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It is arguably the definitive road-going track on the planet, and the most romantic one in the automotive realm. For a driver interested in cars and exploring what a vehicle can really do, few stretches of tarmac rival the grail known as the Nurburgring.

Located around the village of Nurburg, the Ring came to be in 1927, the result of a decision to build a dedicated race track to replace the racing carried out in public roads around the surrounding Eifel mountains. In late 1925, work began on the Ring, with a track layout – designed by Gustav Eichler’s Eichler Architekturburo – mimicking that of the Targa Florio.

Completed two years later, the original full Ring measured in at 28.26 km in length in its whole course (Gesamtstrecke) configuration, which was made up of the 22.81 km Nordschleife (Northern Loop) and the 7.74 km long Sudschleife (or Southern Loop), with 174 corners in its original form.

Opened to the public as a one-way tolled road in the evenings and on weekends, the Ring was used up to 1939 in its full form for race events – following this, the Nordschleife came to the forefront for Grand Prix duty (halting during the Second World War), with the shorter Southern Loop holding smaller-scaled racing events.

From the 1950s up to 1976, with the exception of 1959 and 1970, the Nurburgring which was dubbed by Sir Jackie Stewart as “The Green Hell” was host to the German Grand Prix on the F1 calendar, with some revisions to the track being seen in the 60s and early 70s – the latter saw the track being made straighter, reducing the number of corners.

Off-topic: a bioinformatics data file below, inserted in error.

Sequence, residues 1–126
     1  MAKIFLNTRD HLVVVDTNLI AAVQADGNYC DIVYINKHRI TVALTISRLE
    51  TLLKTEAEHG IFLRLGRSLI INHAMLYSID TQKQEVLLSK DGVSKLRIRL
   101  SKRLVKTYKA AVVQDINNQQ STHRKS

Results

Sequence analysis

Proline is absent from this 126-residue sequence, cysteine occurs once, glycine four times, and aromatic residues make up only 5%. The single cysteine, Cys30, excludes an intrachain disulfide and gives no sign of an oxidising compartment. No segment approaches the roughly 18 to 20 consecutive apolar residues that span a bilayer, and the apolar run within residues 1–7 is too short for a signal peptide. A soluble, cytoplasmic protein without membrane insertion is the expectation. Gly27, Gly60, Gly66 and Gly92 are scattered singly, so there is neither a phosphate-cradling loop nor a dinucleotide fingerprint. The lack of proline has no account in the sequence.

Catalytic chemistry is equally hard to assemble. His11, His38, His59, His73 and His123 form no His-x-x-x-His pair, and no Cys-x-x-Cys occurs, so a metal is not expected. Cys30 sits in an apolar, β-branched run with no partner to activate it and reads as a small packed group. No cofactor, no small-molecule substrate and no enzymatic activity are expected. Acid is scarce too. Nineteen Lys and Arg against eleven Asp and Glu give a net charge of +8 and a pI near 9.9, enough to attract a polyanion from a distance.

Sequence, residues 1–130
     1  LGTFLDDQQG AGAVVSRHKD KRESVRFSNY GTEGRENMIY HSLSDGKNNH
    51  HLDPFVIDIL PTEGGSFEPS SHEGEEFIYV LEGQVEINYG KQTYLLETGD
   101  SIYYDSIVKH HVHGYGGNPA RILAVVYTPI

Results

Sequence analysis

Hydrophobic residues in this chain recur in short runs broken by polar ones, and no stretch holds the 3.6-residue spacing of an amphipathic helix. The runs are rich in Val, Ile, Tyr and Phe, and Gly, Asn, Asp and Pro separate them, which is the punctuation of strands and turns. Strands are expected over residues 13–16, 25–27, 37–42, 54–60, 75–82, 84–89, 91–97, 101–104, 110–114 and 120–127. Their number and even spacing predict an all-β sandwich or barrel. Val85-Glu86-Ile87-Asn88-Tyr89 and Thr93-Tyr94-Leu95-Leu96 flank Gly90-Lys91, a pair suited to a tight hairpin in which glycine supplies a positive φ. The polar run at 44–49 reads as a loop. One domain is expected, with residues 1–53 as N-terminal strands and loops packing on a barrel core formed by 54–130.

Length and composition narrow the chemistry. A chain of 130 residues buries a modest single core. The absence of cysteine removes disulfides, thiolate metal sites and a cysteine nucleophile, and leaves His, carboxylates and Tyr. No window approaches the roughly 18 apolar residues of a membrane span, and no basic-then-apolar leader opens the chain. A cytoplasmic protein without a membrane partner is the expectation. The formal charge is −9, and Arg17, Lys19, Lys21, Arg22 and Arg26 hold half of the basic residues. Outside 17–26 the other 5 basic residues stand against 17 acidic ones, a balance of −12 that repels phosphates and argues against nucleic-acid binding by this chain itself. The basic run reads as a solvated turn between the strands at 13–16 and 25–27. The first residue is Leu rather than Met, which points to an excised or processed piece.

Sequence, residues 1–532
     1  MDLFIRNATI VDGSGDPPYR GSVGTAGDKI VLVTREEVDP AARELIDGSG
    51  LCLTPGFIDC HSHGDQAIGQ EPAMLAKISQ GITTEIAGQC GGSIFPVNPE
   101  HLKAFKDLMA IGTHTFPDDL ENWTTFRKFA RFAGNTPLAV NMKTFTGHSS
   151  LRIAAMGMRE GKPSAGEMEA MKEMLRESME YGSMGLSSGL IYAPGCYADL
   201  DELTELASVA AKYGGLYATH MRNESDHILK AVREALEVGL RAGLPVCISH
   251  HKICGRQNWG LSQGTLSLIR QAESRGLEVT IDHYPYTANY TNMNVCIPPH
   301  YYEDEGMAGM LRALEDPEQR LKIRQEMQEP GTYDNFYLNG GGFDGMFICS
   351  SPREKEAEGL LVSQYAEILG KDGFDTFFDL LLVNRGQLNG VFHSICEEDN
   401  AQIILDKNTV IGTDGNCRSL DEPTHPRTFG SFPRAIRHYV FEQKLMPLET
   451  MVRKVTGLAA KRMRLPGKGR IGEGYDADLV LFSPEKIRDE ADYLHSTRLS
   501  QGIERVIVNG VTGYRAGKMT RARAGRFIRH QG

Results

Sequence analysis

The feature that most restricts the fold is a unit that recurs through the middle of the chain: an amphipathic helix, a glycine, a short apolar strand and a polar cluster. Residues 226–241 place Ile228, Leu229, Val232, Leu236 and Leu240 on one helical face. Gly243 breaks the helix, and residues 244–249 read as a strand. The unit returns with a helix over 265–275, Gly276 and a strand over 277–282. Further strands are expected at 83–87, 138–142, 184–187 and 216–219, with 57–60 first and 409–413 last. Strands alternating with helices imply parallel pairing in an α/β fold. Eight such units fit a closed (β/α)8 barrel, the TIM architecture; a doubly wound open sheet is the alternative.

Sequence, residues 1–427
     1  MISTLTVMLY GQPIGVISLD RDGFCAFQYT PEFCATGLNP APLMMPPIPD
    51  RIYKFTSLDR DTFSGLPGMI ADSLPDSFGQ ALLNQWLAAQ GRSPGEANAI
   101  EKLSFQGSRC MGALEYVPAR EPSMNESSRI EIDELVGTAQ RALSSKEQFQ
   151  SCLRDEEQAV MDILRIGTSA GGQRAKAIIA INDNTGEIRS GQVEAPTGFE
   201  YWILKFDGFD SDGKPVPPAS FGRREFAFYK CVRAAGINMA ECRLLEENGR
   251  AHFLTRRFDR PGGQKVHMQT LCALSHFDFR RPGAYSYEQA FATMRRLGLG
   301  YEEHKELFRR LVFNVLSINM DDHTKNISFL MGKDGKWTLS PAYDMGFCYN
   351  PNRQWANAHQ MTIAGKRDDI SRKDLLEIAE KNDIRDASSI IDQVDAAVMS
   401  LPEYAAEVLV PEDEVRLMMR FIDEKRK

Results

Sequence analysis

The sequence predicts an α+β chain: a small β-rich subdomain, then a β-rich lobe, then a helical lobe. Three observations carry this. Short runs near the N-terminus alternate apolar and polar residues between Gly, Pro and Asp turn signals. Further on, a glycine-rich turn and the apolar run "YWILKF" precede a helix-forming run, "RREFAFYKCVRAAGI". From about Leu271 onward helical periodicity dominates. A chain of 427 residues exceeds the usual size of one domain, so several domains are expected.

The racing served more than just that, in the process building up the legend of the mystical Ring – Karussell, Bergwerk, Flugplatz and Kallenhard became names etched in memory; a corner wasn’t just a corner with this one. The records came, and some still stand. The late Stefan Bellof’s time of 6:11.13 around the Northern Loop in a Porsche 956 in 1983 is unlikely to be bested, simply because no serious racing event has taken place on it since then.

Safety concerns regarding the very long track had been creeping up over the years, and there was only that much revision work that could be carried out to meet that demanded by the F1 community and the FIA that didn’t break the bank or prove impossible to do.

Things finally caught up with the Ring in 1976, when the decision was made to end the track’s association with the German GP. Niki Lauda’s almost fatal crash in that year’s race merely added suitable reinforcement to that decision. Lauda remains the only driver to do the full 22.8 km Nordschleife in under seven minutes, clocking 6:58.6 in 1975.

In 1980, the track saw its last major GP event, the German motorcycle GP, and in 1981 the Nordschleife was shortened to 20.83 km, and the length has remained virtually unchanged to this day – its present length is 20.81 km, though of course the years have also seen the introduction of more safety aspects into the 154 corner track.

It was also in 1981 that work started on the 4.5 km long new circuit (currently 5.2 km long), home to the modern incarnation of the Nurburgring. Completed in 1984, the track has seen action as a venue for the European GP (and in 1985, the German GP). With the Nordschleife, the combined circuit track length totals 25.94 km.

A BMW engineer once said during a conversation that a lap around the Ring will tell you more about a car, both dynamically and characteristically, than hundreds of kms on a normal road. Such stuff is surely what legends are made of, and none has more than the Ring!